If you go to Google and start typing “Obsession with weather”, all-knowing Google will offer up a couple of options for you to select (rather than have you finish typing “weather”), one of which includes “British obsession with weather”.
Being British, having lived there for the first 28 years of my life, and still calling home regularly to talk to my Dad, I can attest that there is indeed a large degree of truth in this. The Daily Telegraph newspaper reported that the British use talking about the weather as a social prop – an icebreaker. Supposedly 70% of British people check the weather forecast at least once a day.
However, the first result in Google, “7 Reasons The British Obsession With Weather is A Myth” – while it doesn’t really do anything to de-bunk this theory – is worth reading because it made me laugh, and we (I) could all do with a lot more of that these days. There’s some strictly British references there you’ll need to understand to get the jokes, but #1 is worth it on its own.
When you’re in an industry which to an extremely large extent is dependent on the weather, talking about snow, the next storm, how much we’ll get, how little we just got, why we haven’t had enough when there was forecast to be so much more……………(you get the snow-drift), really does become an obsession.
Last season, we had an excellent year for snow. Started off strong – 144 inches by December 31, 396 inches by season-end which was 10% over our 10-year average. That was the year of La Nina and – supposedly – we were going to have another La Nina season in 2011-12. So, we all got excited about getting huge portions of snow, and what did we get? Sunny blue sky days, the occasional dusting of light snow (measured in hundredths of an inch such was the paucity of the amounts involved) and a perception that conditions on mountain were dreadful and it wasn’t even worth bothering to come up and see for yourself. Might as well go to Denver and play golf in 67° temperatures.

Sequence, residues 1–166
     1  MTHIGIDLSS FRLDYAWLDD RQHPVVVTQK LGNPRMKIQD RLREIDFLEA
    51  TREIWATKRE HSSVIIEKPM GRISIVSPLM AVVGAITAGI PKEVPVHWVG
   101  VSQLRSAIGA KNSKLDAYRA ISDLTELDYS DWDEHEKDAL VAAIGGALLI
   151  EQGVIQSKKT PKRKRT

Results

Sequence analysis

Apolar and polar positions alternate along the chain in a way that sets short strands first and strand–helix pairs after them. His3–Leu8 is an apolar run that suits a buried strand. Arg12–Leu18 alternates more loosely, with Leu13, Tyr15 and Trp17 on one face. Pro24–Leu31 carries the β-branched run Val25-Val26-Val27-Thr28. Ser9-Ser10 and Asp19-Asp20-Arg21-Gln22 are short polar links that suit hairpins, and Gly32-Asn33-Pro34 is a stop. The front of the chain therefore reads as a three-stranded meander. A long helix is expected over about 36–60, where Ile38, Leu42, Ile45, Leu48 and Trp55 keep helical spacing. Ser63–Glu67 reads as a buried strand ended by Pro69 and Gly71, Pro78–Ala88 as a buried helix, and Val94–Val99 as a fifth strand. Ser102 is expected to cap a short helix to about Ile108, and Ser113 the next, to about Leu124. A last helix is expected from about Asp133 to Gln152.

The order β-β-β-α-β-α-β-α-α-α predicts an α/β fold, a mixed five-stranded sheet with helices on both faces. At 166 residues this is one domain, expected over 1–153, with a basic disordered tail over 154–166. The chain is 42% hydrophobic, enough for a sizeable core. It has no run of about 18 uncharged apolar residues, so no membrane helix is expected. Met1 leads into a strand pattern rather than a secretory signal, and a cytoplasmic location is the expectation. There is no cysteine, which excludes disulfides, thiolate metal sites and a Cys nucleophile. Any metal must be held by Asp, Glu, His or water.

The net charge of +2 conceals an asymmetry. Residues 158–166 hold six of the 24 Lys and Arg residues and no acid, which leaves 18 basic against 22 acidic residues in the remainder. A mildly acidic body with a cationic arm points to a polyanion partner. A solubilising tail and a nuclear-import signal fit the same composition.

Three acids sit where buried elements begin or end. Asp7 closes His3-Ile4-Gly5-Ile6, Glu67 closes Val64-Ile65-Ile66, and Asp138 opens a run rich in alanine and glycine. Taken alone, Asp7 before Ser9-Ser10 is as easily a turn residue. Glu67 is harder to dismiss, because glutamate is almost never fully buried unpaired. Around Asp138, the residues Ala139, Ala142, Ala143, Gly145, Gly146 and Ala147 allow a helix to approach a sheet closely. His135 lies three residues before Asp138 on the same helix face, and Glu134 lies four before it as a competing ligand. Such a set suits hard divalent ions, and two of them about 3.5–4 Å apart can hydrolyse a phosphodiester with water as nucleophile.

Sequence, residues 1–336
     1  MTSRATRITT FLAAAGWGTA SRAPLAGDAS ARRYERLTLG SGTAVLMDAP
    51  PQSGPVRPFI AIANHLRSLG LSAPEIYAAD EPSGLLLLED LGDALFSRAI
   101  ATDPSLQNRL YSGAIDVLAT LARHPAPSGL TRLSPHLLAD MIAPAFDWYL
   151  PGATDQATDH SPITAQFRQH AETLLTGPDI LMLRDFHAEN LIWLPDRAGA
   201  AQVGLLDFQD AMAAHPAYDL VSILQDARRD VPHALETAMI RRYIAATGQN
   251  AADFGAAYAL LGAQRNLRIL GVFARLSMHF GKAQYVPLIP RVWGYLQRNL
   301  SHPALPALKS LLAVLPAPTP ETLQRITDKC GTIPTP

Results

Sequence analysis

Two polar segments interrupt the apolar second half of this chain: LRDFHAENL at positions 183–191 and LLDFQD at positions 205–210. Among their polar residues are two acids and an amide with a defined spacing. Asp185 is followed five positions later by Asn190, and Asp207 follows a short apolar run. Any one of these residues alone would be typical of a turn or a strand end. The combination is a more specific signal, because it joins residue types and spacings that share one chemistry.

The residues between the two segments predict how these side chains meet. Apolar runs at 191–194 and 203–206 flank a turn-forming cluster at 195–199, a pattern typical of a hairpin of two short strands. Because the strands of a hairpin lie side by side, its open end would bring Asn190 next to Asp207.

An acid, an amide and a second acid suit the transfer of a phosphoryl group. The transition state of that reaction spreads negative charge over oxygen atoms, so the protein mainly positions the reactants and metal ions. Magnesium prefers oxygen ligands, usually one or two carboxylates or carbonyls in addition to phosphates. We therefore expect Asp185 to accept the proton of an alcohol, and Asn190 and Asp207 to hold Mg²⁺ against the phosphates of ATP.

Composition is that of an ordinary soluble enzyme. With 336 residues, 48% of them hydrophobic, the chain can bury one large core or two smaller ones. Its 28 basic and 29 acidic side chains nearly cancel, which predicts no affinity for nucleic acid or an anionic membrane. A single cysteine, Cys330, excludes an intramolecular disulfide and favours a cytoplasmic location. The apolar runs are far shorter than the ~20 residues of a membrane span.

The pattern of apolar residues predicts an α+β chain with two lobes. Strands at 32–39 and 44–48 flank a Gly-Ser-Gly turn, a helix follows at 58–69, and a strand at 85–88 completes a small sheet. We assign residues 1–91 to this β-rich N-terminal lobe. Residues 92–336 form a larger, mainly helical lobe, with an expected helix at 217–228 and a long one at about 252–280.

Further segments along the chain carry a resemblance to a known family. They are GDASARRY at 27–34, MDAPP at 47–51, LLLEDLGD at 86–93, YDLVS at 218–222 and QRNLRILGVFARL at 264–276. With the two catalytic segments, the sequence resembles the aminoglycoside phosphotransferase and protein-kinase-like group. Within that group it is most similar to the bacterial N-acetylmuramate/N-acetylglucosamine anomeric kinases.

In some respects, all that was true – although all things considered as far as our mountain was concerned, the groomed trails were holding up very well indeed. It’s the tougher stuff that was closed, which in reality only 10% of the skiing population can ski anyway.
We had a great storm yesterday – I was surprised it only delivered 7½ inches, but on top of the 15½ we’ve had in the last 10 days, things are certainly turning around – rapidly. We’re now at 81” for the season, 91 trails are open and – with it being mid-week – I fully expect we’ll top 100 trails by the weekend at our Winter Park Ski Resort.
So what went wrong with the “La Nina Part Deux” forecasts? Well, apparently it was happening, but much further north than anyone anticipated. I’m sure the Northwest Territories loved it. However, as pointed out by my colleague on our Staywinterpark Facebook page on January 13, as from yesterday, the storm track is substantially further south and – as a consequence – we’re going to see storms we haven’t seen the likes of since – er – last season. Snowforecast.com reckons we’ll get 1 inch Wednesday night, 2-4 Thursday, a trace Friday and 2-4 Saturday. Lovely Jubbly.
With 96 skiing days still left in the season, now is probably a good time to make those Winter Park lodging reservations that have been put on hold pending better conditions, and take advantage of some great (and I mean great) discounts we’ve rolled out for the rest of the season. Buy one, get 50% off the second, and free night deals on stays of 3 nights or more. Go to our specials page for more details on Winter Park CO packages and ski Winter Park!